Please use this identifier to cite or link to this item:
|Title:||Decomposition processes of organic-anion-pillared clays CoaMgbAl(OH)c(TA)d·nH 2O||Authors:||Xu, Z.P.
|Issue Date:||9-Nov-2000||Citation:||Xu, Z.P.,Zeng, H.C. (2000-11-09). Decomposition processes of organic-anion-pillared clays CoaMgbAl(OH)c(TA)d·nH 2O. Journal of Physical Chemistry B 104 (44) : 10206-10214. ScholarBank@NUS Repository.||Abstract:||CoMgAl-hydrotalcite-like compounds (CoaMgbAl(OH)c(TA)d·nH 2O) intercalated with terephthalate anions ([C6H4(COO)2]2- or TA2-) have been prepared. By using XRD, FTIR, ICP/CHN, DTA, TGA, combined TGA-FTIR, HRTEM, and XPS methods, it has been found that the as-prepared samples undergo different decomposition pathways when they are heated, respectively, in air and in nitrogen atmospheres. In particular, the collapse of the layered structure, i.e., dehydroxylation and the thermal decomposition of TA2- are overlapped within a narrow temperature range (20-30 °C) in air, showing a vigorously exothermic effect. However, the two thermal processes are distinctly separated in N2; each lasts over a rather wide temperature range (100-200 °C). Carbon nanoparticles and short tubules have been produced in the solid state from the intercalated TA2- anions during the decomposition of the hydrotalcite-like compounds in N2. These carbon nanomaterials are multiwalled and close-ended with a diameter of 10-35 nm and a length of 20-200 nm. Pathways of the nanocarbon formation as well as catalytic function of cobalt oxides generated from the above thermal processes have been further investigated with various instrumental methods. © 2000 American Chemical Society.||Source Title:||Journal of Physical Chemistry B||URI:||http://scholarbank.nus.edu.sg/handle/10635/91918||ISSN:||15206106|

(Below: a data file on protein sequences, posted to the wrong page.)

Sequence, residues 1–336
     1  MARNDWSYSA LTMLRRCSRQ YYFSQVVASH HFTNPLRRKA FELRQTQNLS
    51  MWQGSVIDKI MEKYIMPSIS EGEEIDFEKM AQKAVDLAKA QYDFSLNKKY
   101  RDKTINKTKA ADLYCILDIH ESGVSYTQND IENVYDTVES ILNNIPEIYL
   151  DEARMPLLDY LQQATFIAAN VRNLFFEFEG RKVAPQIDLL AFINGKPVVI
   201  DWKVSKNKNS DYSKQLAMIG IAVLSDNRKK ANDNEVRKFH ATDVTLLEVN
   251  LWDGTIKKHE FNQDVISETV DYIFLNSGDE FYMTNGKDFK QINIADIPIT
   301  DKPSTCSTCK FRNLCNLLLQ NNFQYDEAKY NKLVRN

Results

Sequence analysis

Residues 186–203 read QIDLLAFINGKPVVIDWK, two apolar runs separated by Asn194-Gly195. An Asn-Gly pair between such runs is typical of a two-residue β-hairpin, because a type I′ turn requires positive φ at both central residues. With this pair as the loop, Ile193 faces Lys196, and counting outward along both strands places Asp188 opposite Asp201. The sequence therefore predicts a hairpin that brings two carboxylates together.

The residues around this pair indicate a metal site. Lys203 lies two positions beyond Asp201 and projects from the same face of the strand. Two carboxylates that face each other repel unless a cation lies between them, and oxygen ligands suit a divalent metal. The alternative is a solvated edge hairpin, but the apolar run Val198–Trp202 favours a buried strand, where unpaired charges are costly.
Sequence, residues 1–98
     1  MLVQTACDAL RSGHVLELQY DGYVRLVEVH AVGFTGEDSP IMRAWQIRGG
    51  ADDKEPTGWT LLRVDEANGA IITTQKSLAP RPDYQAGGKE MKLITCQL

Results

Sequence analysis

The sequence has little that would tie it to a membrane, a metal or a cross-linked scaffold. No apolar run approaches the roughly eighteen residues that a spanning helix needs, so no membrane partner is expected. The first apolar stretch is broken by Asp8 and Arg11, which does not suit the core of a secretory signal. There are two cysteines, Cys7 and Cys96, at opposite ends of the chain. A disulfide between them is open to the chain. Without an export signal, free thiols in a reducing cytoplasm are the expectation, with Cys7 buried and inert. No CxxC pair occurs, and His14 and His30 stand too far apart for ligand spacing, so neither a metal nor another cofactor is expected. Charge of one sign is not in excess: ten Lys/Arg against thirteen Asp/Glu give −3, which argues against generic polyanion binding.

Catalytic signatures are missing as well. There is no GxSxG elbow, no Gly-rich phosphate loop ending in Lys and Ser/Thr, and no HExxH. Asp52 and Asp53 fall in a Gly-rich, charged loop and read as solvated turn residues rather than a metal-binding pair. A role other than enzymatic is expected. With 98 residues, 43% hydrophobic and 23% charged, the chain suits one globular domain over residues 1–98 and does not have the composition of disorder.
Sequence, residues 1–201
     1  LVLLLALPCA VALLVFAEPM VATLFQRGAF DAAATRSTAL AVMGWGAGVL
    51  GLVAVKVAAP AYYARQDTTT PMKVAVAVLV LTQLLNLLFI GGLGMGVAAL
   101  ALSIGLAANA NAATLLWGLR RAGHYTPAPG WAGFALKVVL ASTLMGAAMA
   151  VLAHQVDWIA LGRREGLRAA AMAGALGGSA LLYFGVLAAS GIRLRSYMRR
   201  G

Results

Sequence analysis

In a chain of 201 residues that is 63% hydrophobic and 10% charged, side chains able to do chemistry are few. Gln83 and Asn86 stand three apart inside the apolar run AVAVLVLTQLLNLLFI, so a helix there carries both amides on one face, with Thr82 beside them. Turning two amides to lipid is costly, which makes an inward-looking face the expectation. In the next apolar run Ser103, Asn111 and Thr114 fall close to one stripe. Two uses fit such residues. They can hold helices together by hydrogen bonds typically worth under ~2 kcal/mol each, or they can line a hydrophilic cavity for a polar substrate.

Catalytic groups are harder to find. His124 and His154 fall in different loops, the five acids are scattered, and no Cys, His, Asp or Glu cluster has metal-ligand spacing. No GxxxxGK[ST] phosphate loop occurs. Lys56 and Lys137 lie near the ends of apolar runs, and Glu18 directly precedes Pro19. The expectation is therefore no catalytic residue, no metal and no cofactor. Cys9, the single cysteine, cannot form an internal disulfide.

|Appears in Collections:||Staff Publications|
Show full item record
Files in This Item:
There are no files associated with this item.
checked on Apr 11, 2021
Items in DSpace are protected by copyright, with all rights reserved, unless otherwise indicated.